Gene expression analysis of pancreatic ductal adenocarcinoma (PDAC) tumours enables clinicians to stratify patients into molecular subgroups and select treatments that are best suited to each type; however, molecular subtyping remains cost-prohibitive and is not yet part of routine cancer care.
As researchers work towards establishing whole genome and transcriptome analysis into clinical practice for cancer care, scientists at the GSC continue developing innovative laboratory methods to improve efficiency and accuracy.
Whole genome and transcriptome sequencing uncovers biomarkers predicting response to immune checkpoint inhibitors
The development of immune checkpoint inhibitors (ICI), a type of cancer therapy that helps the immune system fight tumours, was one of the most significant milestones in cancer treatment in the last decade. While ICI therapy has been used to treat different cancer types, it is not universally effective and relapsed disease occurs. A robust strategy for predicting which patients are likely to respond to ICIs is needed, enabling clinicians to select the best course of treatment for each patient.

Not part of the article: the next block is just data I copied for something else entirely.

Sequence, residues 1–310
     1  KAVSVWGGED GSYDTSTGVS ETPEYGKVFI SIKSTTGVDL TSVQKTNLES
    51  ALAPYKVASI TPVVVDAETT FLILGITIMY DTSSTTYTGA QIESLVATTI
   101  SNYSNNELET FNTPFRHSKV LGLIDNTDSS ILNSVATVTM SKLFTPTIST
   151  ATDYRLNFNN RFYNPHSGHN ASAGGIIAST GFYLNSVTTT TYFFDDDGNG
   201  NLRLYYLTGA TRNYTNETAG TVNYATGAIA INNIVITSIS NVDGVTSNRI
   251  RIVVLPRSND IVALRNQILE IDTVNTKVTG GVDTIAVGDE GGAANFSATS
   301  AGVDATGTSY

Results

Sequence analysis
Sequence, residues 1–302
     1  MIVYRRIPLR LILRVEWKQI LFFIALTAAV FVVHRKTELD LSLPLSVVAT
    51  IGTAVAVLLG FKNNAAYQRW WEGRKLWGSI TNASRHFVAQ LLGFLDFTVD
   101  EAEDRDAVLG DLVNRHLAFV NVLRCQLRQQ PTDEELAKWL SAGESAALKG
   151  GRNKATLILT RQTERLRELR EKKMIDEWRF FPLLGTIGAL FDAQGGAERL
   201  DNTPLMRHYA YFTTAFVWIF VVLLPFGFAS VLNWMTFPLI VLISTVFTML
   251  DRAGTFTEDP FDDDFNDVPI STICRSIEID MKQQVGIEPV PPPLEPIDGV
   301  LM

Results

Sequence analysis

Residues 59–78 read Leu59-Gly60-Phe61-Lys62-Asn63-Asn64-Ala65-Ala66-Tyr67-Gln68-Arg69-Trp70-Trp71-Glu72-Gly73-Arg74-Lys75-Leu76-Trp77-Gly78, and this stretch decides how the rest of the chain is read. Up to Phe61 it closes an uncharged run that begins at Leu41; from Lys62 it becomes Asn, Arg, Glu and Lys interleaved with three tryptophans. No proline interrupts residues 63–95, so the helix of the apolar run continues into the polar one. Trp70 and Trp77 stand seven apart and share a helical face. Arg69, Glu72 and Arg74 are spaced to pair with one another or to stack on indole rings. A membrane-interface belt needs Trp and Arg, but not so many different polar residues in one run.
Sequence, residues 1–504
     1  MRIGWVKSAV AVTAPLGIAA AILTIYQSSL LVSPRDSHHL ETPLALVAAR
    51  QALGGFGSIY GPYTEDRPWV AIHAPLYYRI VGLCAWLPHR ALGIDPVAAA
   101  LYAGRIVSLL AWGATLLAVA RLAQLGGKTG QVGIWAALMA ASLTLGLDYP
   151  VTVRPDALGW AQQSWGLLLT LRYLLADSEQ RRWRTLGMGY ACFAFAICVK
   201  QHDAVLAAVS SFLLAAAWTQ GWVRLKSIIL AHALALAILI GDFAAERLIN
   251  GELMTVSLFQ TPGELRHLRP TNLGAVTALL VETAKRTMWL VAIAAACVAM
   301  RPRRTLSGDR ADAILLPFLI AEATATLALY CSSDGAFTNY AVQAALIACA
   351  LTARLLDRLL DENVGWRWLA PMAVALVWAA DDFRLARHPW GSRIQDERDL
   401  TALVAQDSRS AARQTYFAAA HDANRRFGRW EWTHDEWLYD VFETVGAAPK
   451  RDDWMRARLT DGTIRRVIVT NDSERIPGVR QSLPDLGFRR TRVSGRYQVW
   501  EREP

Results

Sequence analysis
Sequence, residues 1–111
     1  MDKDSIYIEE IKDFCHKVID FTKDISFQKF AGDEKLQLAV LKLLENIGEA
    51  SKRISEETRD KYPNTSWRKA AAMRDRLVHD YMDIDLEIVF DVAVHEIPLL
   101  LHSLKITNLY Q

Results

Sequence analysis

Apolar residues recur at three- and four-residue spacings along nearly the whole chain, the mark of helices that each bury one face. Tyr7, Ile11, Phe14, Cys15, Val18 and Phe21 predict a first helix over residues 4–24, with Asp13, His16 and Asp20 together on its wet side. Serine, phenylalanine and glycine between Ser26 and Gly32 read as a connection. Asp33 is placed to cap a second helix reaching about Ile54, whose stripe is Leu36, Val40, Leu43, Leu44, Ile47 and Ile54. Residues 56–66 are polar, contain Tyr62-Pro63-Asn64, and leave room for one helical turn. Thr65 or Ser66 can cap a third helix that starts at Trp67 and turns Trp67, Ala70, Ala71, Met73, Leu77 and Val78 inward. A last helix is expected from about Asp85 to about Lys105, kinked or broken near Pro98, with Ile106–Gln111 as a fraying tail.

POG researchers uncover potential biomarkers for the treatment of advanced stage breast and colorectal cancer
A framework for the management of inherited genetic variation impacting cancer patients and their families
Whole genome sequencing has revolutionized cancer treatment planning, enabling the rapid detection of DNA mutations not routinely screened for in the clinic. Until recently, however, scientists were limited in their ability to detect large structural genetic variants using short-read sequencing technology. But with the recent release of long-read sequencing instruments, cancer researchers have been eager to see what such technology could mean for precision oncology.